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The influence of the nut on violin sound

Peter Lynch

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4 hours ago, Michael.N. said:

Once you finger a note the nut is out of the equation. 

Very interesting argument... I don't think it's at all true, but I'm not a maker or tradesperson... Once you finger a note, the violin is still ringing, and the other strings are still attached, right? G strings on the violin very much benefit from a not-dead E string. I change my E twice as often as the other strings, and always there is immediate benefit for all strings.

That's a different topic, but they're all trying to vibrate, even if it's just a little bit, every time you play a note, so something messed up with the nut on one string is simply going to affect more than that open string.

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Suppose you stretch a rubber band. It's under some tension. Now pull the ends a wee bit farther apart: tension goes up a bit, in proportion to the amount of elongation.

Wouldn't this apply to a violin string as well? When it's open, it describes a line segment between the nut (call that point A) and the bridge (call that point B). When you press it down, it goes from point A, down to contact point at fingerboard (call that point C), then back up to bridge (point B). This make a skinny triangle, & we know that length (AC) + length (CB) is greater than length(AC). So -- just as in the rubber band case -- string tension should go up a bit when the string is fingered.

If you put on a higher nut, the deformation of the fingered string will be increased, so the change in string tension will be more. If you train your fingers to readjust slightly to compensate for the change in string tension, your axe will feel more responsive.

I'm not entirely sure about that last point. All I'm really trying to do is make an argument that changing the nut will change sound and/or playing characteristics of the instrument.

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1 hour ago, Violadamore said:

IMHO, the spacing, depth and shape of the grooves has the most influence, along with just enough pencil graphite.  :)

yes how it is cut is paramount,particularly on guitars , I always suggest high magnification to visually examine the seating as well as using pencil to establish the "fall away" of the groove is correct.

Assuming all is well, it comes to material, experimenting with...brass, bone, abalone, marble and carbon fiber as well as many hardwoods. I find a nice dense ebony works well for bowed instruments, but other hardwoods work too. Guitars are more accepting to alternate materials it seems to me.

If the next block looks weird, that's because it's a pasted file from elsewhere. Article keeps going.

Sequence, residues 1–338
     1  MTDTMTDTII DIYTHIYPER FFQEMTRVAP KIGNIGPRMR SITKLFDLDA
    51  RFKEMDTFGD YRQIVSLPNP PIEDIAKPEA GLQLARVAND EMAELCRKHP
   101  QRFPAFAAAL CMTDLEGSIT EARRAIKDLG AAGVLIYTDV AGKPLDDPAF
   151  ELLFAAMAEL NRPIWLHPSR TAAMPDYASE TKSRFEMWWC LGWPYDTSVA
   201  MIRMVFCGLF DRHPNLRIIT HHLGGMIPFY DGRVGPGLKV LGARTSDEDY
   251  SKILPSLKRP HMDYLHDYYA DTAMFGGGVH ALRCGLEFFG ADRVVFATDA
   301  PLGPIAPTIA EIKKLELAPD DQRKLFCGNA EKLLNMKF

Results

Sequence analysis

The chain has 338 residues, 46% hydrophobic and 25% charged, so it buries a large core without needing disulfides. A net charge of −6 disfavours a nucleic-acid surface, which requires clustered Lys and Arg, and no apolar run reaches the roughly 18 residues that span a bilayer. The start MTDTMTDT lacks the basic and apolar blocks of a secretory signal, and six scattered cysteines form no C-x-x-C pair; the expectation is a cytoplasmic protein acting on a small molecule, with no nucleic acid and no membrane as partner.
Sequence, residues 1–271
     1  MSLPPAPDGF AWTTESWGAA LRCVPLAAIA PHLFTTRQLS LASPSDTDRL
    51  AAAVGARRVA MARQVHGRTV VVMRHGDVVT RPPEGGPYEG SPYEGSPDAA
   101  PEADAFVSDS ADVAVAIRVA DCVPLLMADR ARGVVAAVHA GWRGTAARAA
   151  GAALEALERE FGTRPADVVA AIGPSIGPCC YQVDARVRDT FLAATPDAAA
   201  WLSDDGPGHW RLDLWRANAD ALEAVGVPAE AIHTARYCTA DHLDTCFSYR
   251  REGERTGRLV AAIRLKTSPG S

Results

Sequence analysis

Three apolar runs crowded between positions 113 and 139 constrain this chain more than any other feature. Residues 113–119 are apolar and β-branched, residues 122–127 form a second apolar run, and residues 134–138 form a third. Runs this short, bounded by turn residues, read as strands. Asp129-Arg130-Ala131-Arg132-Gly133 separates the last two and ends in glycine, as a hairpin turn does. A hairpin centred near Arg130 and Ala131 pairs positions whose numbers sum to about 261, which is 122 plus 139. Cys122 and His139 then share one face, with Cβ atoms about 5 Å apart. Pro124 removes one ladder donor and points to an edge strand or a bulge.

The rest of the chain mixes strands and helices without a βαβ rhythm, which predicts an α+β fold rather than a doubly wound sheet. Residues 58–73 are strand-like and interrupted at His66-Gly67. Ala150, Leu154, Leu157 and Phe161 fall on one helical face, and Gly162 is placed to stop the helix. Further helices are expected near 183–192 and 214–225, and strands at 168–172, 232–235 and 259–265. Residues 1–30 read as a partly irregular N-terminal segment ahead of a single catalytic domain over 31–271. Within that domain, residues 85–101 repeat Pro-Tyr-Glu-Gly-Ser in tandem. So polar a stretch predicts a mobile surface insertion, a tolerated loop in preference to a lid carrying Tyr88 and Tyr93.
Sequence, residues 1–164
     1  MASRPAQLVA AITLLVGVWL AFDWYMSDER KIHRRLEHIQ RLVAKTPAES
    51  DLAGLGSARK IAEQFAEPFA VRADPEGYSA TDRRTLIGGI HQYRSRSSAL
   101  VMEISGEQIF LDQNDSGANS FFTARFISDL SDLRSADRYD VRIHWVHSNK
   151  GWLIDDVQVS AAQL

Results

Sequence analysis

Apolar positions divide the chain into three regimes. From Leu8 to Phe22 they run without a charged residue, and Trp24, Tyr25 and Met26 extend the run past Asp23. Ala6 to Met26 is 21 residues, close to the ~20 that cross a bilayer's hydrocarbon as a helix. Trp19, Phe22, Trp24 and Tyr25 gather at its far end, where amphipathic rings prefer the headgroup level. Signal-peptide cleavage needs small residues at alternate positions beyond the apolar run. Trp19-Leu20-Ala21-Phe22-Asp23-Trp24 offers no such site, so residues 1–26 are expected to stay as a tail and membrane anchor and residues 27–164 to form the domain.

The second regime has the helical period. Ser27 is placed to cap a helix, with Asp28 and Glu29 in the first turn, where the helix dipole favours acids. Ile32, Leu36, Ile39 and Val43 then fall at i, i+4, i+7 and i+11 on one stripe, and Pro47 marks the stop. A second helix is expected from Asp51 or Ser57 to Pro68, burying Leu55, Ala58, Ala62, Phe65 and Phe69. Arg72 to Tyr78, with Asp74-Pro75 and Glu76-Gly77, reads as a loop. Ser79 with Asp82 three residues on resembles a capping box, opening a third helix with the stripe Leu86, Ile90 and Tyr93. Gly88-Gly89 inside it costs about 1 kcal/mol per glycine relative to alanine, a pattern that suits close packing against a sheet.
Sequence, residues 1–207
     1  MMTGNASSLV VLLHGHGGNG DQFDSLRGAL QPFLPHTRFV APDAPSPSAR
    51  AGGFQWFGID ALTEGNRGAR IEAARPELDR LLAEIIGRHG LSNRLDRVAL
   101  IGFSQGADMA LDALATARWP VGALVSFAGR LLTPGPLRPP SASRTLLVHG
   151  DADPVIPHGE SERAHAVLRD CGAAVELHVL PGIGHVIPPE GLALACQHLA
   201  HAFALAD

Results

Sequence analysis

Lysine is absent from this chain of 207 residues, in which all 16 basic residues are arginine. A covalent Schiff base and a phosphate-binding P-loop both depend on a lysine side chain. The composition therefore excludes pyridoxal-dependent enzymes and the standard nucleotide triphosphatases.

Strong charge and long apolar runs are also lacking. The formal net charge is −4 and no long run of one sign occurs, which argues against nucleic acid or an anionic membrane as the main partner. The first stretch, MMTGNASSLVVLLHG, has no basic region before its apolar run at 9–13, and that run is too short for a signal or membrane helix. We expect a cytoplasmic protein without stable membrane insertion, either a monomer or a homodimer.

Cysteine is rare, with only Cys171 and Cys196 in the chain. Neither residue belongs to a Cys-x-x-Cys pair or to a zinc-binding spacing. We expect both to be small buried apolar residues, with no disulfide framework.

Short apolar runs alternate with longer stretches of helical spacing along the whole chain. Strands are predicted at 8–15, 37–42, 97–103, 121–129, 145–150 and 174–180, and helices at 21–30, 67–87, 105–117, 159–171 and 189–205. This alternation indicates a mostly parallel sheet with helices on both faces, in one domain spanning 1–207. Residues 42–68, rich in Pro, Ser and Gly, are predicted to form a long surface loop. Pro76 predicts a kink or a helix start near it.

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I talked to someone who believed that the string length in the pegbox affects the elasticity of the string as a whole, so that the longer the string length in the pegbox, the more elastic the string should be. If true, (and I can imagine it could be true) this obviously will have an effect on how the string behaves. If the nut groove is Deep and worn, I can imagine that this would have a reducing effect on the elasticity of the string, because the string doesn't slide easily.

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5 hours ago, Don Noon said:

My take:

If the nut is adjusted the way the player likes, then they will play better and sound better.  If it isn't, they won't.  I don't see much merit in any of the other arguments.

Agreed... and in my opinion this is a vastly underrated factor for more than just nut.

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Just for my benefit, as I am curious... What do players tend to prefer in nut adjustments? Are you mostly talking about string heights? I agree that we cannot separate the parts of our brain that process sounds and touch, and actually be objective, but I think there is something to a single bad groove negatively affecting all the strings' ability to ring.

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2 hours ago, Porteroso said:

Just for my benefit, as I am curious... What do players tend to prefer in nut adjustments? Are you mostly talking about string heights?

Mostly string heights, and mostly depends on the player.  Fiddlers generally tend to prefer lower, classical higher.  String spacing can matter if the player has skinny or fat fingers.

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